It’s Time to Take The Blinders Off!

Spending time with horses is good for people.

Spending time in the horse industry is an entirely different story.

The horse industry is nothing less than toxic. In fact, I’d even go so far as to say there is no industry better equipped to turn perfectly good humans into full-fledged narcissists than the horse industry. And as for horses? Well, the horse industry does everything it can to remind them that their “proper” place in the emotional food-chain of human society is that of prey.

In case you haven’t noticed, I’m not going to mince my words here. There’s simply too much at stake. We need a revolution in the horse industry, and not just for the sake of the horses. The mentality that has dominated the horse industry for generations breeds the exact kind of human leaders (and followers) that are driving our country (and world) to the brink of disaster. Call me melodramatic if you want. My response?

It’s time to take the blinders off.

You’re not seeing the whole picture.

The horse industry attracts thousands of wonderful, good-hearted people into its fold every year. People who love horses. People who admire and respect horses. People who genuinely want to learn more about horses and how to have meaningful relationships with them. And the horses stand ready to love, mentor, teach and heal!

Sadly, the toxic mentality that is rampant in the horse industry quickly swallows these kind people up, devours their good intentions and preys on their vulnerability. Humans of all ages come into the horse industry full of light and hope and love… and soon become jaded, frustrated, insecure, broken, anxious, and ultimately, hard-hearted. I’ve personally seen it happen hundreds of times, at least. It happened to me too.

The good news is, horses still have the potential to save us from this toxic cycle. But first we have to get out of the way and let them lead for a while. Additionally, enough of us must find the courage to recognize and speak the truth on their behalf, no matter how uncomfortable it makes people within the existing industry.

I recently saw an article entitled “Ten Reasons Your Teenager Daughter Should Own a Horse”. The author’s list reminded me what the horse industry looks like to those who still have blinders on:

  1. It will keep your teenage daughter out of trouble.
  2. It will teach your teenage daughter about money.
  3. It builds responsibility.
  4. It builds self-confidence.
  5. It will help your daughter meet new friends.
  6. The barn offers a good variety of role models of all ages.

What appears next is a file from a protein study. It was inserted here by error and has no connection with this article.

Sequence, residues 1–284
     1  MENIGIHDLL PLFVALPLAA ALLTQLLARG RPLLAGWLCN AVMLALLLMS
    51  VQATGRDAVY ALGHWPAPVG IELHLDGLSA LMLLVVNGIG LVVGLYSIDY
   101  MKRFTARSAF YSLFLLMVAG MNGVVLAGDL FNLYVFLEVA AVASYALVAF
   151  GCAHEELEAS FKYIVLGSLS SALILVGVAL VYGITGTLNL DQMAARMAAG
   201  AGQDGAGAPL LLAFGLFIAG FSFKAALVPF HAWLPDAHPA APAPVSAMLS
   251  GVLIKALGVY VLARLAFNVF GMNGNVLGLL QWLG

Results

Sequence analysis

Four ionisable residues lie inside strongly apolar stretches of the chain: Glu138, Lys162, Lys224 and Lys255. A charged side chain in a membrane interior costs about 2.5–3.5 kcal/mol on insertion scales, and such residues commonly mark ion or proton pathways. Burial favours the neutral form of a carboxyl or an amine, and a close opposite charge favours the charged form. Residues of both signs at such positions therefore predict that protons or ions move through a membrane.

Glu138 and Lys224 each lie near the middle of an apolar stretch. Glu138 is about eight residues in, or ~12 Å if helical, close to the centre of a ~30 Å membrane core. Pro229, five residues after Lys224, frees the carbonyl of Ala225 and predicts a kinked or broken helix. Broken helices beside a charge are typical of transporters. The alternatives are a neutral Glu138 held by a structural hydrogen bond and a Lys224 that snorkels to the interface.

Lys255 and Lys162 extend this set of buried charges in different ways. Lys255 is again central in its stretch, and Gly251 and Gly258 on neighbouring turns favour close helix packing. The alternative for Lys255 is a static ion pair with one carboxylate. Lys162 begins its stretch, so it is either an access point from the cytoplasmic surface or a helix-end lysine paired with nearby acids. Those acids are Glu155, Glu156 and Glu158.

7. It will keep your teenage daughter humble.
  8. It will keep her fit and physically active.
  9. It will help your daughter become a creative, active teacher.
  10. It will teach her brain to learn new things.

While it’s possible your teenage daughter (or son) might reap some of these benefits while spending time at a traditional lesson or show barn, I’m far more worried about the long-term emotional and physical damage he/she is likely to receive as a result of the narcissistic mentality that’s rampant among humans in these settings. Let me explain…

Sander van der Linden, Ph.D. is a social psychologist at the University of Cambridge. He determined that there are two types of narcissists: grandiose and vulnerable. In my experience, the horse industry (generally speaking) is a virtual breeding ground for both. As with anything in life, there are certainly exceptions (and thankfully a slowly growing number of them are gaining success in the horse industry). But the average person will need to work really hard to find them!

As Dr. van der Linden’s labels suggest, the grandiose narcissist is more outspoken, while the vulnerable narcissist is more introverted. Both, however, are deeply insecure and become addicted to the quest for positive affirmations and accomplishments. As with all personality disorders, the severity of the symptoms can fall anywhere along a broad spectrum.

Below are some of the characteristics Dr. van der Linden says define a grandiose narcissist. You tell me whether this list “fits the bill” on any equestrians (or instructors/trainers/parents of said equestrians!) that you know?

People who are easily angered or frustrated when others (including horses) don’t give them the full attention or admiration they consider to be their birthright.

People who exhibit a lack of empathy toward others (including horses) and are unable or unwilling to recognize or understand the needs and feelings of those others.

People who fantasize or obsess about control, power, success and having the “perfect” partner (or student or child).